definitive definitions of GMPLS terms. To obtain definitions of definitive definitions of GMPLS terms. To obtain definitions of
GMPLS terms that are applicable across all GMPLS architectural GMPLS terms that are applicable across all GMPLS architectural
models, the reader should refer to the RFCs listed in the references models, the reader should refer to the RFCs listed in the references
sections of this document. [RFC3945] provides an overview of the sections of this document. [RFC3945] provides an overview of the
GMPLS architecture and should be read first. GMPLS architecture and should be read first.
5. Management Considerations 5 Management Considerations
The MPLS-TP based network requires management. The MPLS-TP The MPLS-TP based network requires management. The MPLS-TP
specifications described in [RFC5654], [RFC5860], [RFC5921], specifications described in [RFC5654], [RFC5860], [RFC5921],
[RFC5951], [RFC6371], [RFC6372], [ITU-T G.8110.1] and [ITU-T [RFC5951], [RFC6371], [RFC6372], [ITU-T G.8110.1] and [ITU-T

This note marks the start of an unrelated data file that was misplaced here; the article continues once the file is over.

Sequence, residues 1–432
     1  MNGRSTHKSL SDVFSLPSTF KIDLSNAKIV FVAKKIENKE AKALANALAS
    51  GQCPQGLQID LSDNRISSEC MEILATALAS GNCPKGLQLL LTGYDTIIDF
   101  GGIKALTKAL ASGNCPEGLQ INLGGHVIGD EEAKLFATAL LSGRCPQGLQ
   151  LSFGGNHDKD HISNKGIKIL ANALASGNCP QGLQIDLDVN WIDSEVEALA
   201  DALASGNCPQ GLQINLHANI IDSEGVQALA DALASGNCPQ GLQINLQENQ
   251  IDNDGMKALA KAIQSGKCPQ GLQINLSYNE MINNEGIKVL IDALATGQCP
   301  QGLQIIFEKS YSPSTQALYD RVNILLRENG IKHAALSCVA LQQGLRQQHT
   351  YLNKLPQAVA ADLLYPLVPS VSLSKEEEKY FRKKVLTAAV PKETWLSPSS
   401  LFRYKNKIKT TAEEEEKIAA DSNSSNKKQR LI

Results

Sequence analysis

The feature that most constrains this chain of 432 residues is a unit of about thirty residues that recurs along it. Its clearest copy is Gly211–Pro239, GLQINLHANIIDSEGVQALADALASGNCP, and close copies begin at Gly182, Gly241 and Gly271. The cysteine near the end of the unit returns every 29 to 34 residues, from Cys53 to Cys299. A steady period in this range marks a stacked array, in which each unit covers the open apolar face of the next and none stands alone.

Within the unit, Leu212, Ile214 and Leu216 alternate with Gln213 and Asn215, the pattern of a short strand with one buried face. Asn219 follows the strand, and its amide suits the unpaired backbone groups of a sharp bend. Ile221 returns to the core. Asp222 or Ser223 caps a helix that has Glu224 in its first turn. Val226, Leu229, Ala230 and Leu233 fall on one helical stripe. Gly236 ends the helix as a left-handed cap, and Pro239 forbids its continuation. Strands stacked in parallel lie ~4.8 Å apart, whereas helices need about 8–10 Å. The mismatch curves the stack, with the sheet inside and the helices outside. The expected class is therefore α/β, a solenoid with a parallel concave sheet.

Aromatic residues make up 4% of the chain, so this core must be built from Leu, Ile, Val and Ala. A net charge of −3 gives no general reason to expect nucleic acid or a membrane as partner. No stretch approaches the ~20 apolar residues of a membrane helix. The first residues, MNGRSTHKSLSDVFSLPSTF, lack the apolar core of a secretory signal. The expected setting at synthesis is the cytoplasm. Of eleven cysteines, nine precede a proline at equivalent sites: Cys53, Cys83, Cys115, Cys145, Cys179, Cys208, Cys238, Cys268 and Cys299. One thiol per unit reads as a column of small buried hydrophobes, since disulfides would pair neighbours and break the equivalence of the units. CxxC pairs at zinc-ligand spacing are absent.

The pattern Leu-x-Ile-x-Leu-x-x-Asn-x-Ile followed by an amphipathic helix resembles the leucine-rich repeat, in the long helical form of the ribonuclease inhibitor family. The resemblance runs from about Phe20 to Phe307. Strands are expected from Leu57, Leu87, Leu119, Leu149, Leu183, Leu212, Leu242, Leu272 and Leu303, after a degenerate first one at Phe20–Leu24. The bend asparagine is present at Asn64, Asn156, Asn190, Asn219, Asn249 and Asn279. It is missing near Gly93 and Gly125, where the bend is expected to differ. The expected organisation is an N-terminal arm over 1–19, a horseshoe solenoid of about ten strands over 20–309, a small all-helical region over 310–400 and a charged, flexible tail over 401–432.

G.7710], include considerable efforts to provide operator control G.7710], include considerable efforts to provide operator control
and monitoring, as well as Operations, Administration and and monitoring, as well as Operations, Administration and
Maintenance (OAM) functionality. Maintenance (OAM) functionality.
These concepts are, however, out of scope of this document. These concepts are, however, out of scope of this document.
6. Security Considerations 6 Security Considerations
Security is a significant requirement of MPLS-TP. See for more Security is a significant requirement of MPLS-TP. See for more
information [SECURITY]. information [RFC6941].
However, this informational document is intended only to provide However, this informational document is intended only to provide
lexicography, and the security concerns are, therefore, out of lexicography, and the security concerns are, therefore, out of
scope. scope.
7. IANA Considerations 7 IANA Considerations
There are no IANA actions resulting from this document. There are no IANA actions resulting from this document.
8. Acknowledgments 8 Acknowledgments
The authors would like to thank all members of the teams (the Joint The authors would like to thank all members of the teams (the Joint
Working Team, the MPLS Interoperability Design Team in IETF and the Working Team, the MPLS Interoperability Design Team in IETF and the
MPLS-TP Ad Hoc Group in ITU-T) involved in the definition and MPLS-TP Ad Hoc Group in ITU-T) involved in the definition and